It is well recognized that poverty breeds mistrust (as well as a host of other nasties like conflict). The opposite however is also true, especially considering that poverty is primarily a mindset. Mistrust is rampant in Samoa. In this “Sermon from Samoa” I share examples from around me in Samoa of how mistrust breeds poverty.
Mankind enjoys wealth. It helps us to be happy and healthy and remain motivated. A large part of our sense of purpose (especially for men) comes from acquiring wealth of various sorts. Abundant food, clothing, assets, income streams and so on give us pleasure. It may sound strange coming from a guy living in a third world environment, but those around me are no different. Everyone here aspires to get a job, own a shop, a taxi or a bus, or to get a better house or to sell their produce for a good price.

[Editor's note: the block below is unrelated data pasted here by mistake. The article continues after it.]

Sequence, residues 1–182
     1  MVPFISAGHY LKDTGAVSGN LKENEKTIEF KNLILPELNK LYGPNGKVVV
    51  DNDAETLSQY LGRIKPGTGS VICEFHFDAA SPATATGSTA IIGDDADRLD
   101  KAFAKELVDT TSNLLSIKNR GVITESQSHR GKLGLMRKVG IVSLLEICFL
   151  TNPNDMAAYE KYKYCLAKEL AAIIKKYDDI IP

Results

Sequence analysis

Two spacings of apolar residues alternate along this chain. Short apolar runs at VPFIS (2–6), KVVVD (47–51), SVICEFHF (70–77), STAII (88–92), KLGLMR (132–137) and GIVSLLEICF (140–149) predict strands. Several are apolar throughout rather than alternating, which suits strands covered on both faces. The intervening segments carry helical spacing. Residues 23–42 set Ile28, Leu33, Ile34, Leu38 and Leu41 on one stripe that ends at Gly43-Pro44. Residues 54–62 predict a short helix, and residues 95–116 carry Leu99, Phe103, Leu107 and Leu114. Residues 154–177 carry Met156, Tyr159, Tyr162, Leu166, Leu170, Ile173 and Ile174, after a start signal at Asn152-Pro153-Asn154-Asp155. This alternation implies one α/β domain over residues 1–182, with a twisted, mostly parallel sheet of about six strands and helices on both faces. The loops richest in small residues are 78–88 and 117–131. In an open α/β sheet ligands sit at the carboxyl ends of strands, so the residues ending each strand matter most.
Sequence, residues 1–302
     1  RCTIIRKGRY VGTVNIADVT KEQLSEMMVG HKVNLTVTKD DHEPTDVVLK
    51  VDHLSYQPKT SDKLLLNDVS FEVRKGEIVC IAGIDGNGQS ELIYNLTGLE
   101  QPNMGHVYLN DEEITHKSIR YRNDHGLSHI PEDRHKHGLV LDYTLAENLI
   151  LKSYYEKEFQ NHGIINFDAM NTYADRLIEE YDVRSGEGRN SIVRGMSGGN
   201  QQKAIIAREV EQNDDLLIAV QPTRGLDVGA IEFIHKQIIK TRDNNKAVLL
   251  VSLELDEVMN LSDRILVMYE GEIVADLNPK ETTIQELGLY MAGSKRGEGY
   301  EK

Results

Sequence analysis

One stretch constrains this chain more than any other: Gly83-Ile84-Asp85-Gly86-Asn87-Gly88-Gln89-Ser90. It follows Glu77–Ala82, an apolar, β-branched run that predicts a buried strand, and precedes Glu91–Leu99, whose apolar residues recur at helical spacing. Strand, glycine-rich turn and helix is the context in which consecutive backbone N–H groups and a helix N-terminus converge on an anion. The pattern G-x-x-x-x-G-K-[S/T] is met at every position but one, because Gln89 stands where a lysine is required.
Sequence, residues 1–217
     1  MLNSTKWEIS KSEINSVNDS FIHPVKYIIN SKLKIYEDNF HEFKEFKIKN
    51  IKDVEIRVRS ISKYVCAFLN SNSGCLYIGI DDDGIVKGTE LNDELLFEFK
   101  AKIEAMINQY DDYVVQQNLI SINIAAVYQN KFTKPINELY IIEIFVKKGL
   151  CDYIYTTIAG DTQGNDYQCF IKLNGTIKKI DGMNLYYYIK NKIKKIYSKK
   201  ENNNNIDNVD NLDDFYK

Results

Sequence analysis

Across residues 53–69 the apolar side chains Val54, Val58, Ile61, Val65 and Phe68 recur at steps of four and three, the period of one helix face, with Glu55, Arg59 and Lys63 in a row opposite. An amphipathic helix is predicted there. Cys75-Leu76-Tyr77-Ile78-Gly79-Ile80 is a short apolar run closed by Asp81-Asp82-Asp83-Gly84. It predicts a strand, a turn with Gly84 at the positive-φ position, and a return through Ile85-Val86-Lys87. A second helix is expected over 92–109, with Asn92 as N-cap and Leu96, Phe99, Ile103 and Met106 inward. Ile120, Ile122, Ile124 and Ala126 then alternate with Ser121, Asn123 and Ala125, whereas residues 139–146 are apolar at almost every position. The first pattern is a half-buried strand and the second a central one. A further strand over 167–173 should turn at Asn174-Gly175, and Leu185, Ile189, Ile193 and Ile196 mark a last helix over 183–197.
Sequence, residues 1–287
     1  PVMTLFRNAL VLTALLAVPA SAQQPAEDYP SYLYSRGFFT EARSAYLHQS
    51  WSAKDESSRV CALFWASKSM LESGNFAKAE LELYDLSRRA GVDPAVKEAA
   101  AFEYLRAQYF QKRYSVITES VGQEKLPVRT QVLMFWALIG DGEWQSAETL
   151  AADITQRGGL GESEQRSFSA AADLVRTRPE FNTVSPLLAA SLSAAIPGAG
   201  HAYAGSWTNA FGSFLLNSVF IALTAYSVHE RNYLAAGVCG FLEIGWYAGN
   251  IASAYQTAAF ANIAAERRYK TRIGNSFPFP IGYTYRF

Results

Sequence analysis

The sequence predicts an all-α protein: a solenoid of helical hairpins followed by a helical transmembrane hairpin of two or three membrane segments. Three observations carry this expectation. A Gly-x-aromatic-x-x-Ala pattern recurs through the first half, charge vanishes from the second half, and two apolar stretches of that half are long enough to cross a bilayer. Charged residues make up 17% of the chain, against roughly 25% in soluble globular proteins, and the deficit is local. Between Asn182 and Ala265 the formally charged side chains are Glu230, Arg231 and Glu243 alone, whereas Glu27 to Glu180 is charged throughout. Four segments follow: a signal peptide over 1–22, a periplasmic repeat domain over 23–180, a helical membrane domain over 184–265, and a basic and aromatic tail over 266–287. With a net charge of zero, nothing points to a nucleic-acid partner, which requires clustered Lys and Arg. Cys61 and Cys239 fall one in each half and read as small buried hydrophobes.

[Pic: Catholic church in Upolo – once visited by the Pope]
An essential part of wealth generation is working with others, and trust is essential for the relationship to work. A Palagi will only hire a taxi from a driver he trusts not to rip him off. A builder will construct a house only if he believes that the client will pay for the work. His workers will only show for work if they trust that they will be paid the agreed rate.
Business is all about people and trust is essential to keep people on the same page.